The rat-stitcher paused his work and sighed, “Like I’ve said over a dozen times now, don’t bring them to me, put them in the cells. I swear, even the eel is smarter than you damn rats.”
The creature began dragging away the boy, but not before he could ask, “Who are you? Do you control these things? Why are you doing this?”
“And this is why I want them brought to the cells…” muttered the rat-stitcher. “It’s nothing personal kid.”
“So it’s a job? You’re killing people for money?” The boy asked. He seemed somewhat out of it, asking questions in a deadpan voice that belied his situation. Understandable, considering what he had likely been through before arriving in the rat-stitcher’s lair.
“...Wait,” commanded the rat-stitcher. The rat-creature stopped, and the rat-stitcher turned to the boy with an exasperated sigh. “No, I’m not doing this for money. I wouldn’t kill this many people over something so frivolous as money. When I said it’s not personal, I meant it’s not personal between me and you.”
“Who is it between then?”
“My, you’re just full of questions. If only all my students had been the same.”
“You’re a teacher?”
The rat-stitcher ignored that question, and sat quietly before asking, “Which parent was the mutant?”
“Your eyes. I’m just guessing of course, maybe you mutated yourself? If it were both parents I’d think you’d have something a bit more... dramatic.”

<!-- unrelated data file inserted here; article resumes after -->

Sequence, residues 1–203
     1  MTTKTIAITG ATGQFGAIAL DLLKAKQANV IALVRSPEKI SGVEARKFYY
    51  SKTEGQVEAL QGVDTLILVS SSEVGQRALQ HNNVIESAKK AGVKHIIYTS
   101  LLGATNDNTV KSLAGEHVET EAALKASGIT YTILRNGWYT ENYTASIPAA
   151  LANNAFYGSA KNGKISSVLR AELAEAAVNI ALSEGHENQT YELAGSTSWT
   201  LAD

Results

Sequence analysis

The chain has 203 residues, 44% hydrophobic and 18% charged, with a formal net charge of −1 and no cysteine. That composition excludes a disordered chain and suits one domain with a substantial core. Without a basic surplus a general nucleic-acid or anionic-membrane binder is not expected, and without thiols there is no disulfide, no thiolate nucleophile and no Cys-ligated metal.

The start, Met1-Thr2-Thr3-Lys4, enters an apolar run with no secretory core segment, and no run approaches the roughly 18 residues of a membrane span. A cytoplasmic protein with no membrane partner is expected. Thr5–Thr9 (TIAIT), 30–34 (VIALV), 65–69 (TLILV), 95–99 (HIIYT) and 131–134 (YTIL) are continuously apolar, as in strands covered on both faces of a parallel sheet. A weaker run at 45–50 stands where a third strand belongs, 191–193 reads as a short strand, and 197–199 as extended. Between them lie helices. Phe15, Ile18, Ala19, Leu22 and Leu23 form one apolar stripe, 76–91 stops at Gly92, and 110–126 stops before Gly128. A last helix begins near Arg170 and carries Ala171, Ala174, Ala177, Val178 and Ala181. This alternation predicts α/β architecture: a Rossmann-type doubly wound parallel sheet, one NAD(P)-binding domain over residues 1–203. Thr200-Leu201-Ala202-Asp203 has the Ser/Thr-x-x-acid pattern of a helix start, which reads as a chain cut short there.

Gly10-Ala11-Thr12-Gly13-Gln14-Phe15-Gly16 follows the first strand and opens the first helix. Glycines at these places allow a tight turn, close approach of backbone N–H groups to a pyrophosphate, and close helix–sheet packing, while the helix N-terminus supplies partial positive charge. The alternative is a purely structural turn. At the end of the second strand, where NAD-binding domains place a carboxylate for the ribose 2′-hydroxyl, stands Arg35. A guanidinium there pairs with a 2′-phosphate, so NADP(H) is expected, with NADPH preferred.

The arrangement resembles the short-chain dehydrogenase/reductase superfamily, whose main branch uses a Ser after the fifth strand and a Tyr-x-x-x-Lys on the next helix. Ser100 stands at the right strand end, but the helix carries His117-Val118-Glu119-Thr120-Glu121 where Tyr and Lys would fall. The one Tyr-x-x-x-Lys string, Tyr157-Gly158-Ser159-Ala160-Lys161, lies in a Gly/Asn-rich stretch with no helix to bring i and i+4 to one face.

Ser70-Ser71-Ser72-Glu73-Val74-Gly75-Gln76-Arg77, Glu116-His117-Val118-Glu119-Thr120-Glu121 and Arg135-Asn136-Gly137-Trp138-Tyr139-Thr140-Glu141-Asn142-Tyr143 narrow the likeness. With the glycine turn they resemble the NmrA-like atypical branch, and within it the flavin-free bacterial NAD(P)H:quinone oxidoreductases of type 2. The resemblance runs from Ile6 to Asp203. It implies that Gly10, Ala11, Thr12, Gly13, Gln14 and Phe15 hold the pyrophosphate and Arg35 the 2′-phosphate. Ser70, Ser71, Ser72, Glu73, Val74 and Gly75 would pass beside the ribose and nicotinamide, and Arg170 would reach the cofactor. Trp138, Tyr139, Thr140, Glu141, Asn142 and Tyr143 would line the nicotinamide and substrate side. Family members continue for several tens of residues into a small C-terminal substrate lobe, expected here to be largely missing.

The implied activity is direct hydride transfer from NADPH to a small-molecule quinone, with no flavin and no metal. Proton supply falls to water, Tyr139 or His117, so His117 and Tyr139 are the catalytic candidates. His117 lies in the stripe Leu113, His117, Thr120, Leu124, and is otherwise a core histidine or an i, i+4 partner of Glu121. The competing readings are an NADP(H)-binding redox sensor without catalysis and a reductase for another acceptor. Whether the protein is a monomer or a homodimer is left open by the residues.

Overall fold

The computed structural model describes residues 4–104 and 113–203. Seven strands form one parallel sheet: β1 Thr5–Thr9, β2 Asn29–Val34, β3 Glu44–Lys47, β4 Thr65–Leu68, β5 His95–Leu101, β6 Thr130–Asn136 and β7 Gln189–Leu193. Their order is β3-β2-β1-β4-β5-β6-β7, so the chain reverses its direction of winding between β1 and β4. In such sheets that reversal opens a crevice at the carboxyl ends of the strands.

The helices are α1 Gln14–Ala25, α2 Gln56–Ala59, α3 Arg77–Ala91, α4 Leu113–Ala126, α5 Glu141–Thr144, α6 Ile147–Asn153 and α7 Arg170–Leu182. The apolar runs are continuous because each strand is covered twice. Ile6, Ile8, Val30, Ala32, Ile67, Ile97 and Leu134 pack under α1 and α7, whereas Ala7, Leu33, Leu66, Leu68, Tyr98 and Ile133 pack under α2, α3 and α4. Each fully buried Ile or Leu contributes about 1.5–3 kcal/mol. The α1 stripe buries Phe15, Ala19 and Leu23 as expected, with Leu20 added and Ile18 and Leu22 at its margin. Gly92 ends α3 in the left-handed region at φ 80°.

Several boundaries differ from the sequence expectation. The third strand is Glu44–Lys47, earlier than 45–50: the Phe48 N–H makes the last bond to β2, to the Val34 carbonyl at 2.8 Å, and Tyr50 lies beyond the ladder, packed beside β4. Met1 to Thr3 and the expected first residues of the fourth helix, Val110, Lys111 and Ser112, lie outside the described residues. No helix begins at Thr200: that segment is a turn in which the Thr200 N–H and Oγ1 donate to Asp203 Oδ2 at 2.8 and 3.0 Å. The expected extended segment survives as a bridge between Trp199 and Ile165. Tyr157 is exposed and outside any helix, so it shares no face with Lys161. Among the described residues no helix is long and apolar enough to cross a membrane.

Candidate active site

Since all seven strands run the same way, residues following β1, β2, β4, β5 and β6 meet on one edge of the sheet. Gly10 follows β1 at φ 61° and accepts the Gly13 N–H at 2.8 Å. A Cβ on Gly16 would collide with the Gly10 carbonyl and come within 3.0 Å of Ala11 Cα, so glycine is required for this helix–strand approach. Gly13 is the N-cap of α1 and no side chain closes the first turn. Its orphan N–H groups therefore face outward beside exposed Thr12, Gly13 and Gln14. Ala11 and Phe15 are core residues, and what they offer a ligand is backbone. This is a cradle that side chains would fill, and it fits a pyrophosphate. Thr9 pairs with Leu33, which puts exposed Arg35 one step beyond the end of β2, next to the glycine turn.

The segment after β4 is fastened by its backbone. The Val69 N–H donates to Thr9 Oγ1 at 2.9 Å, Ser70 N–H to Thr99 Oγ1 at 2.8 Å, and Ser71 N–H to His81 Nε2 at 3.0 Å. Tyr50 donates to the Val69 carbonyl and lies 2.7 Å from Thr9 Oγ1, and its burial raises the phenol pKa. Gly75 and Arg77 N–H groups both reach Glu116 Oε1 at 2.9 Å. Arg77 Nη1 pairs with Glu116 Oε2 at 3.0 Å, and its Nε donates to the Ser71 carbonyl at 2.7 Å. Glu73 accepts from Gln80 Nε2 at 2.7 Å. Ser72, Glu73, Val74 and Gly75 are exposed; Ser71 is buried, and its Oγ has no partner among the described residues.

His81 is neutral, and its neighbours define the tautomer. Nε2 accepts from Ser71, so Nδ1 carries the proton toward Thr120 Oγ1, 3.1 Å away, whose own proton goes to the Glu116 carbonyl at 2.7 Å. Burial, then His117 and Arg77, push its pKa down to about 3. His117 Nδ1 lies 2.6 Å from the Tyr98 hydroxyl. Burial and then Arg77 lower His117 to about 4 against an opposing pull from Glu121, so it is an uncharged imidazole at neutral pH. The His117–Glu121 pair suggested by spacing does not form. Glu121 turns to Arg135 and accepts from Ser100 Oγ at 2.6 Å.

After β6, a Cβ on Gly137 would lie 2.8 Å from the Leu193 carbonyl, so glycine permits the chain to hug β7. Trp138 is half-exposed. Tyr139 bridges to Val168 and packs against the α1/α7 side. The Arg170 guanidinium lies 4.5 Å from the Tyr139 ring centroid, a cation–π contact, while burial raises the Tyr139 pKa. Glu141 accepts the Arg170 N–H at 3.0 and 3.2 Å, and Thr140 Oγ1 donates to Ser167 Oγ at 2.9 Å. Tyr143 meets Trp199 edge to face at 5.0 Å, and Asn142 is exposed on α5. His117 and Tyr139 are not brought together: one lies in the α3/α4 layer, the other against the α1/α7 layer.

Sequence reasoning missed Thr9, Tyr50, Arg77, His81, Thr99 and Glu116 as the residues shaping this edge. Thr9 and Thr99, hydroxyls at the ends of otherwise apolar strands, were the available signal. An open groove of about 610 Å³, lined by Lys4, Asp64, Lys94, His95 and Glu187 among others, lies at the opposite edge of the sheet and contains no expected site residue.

“Mhm.” The rat-stitcher turned back to the corpse he had been digging through, gesturing at it with his hand. “Did you know mutavus inflicted mutations always become the dominant trait? It changes your very DNA you know. If a trait doesn’t get passed down it’s only because the other parent gave a better one. Peh, as if a virus knows what’s ‘better’ for a person. Someday it might only be mutants. Can’t let that happen.”
“That’s what this is about?”
The rat-stitcher gave the kid a sideways glance before looking away, seeming lost in thought. Finally, he spoke.
“...My daughter, she was a senior in highschool at the time. Her boyfriend was a mutant…. they weren’t careful enough, she got pregnant, there was a... complication. I’d never thought about the subject much, not until then…”
The rat-stitcher continued staring into the middle distance and waved them away, the rat-hybrid quickly dragging the boy off to the cells. After another minute he snapped out of whatever trance had gripped him, and looked around the room, taking in the mess.
“Better clean this up, I’m going to be late as it is.”
He started cleaning up his tools, sometimes grumbling about the missing kidneys. When the work was almost done though, a ringtone interrupted yet again.
“Now what? The meatloaf’s going to get cold at this rate,” he said, reaching for his phone. But then he became confused when he saw the screen was still off, and the ringtone went off again, coming from somewhere else.
“Sorry, it’s my phone,” I replied.
The rat-stitcher jumped in fright, not expecting the ‘corpse’ I had disguised myself as to speak. I took advantage of his confusion to reach out and clamp a hand over his mouth, wrapping my elongated fingers around his head to keep a tight grip on him. He tried to scream and struggled, but couldn’t dislodge my makeshift gag. I waited, watching the door for any stitch-rat minions that might be coming.
Nothing came. It seemed the rat-hybrid creations really were controlled by verbal commands. That meant I had time.
I reached inside my crudely opened chest cavity, and withdrew my phone from the fleshy pocket it was hidden in. Seems Tim was giving me a call. I answered it.
“Hey Tofu. Hope I’m not calling too late.”
“You’re not. I’m actually at work anyways, I’ve got the late shift at the warehouse.”
“Oh, well I can call back tomorrow if you’re working.”
“It’s fine, I’ve got a moment. What’s up?”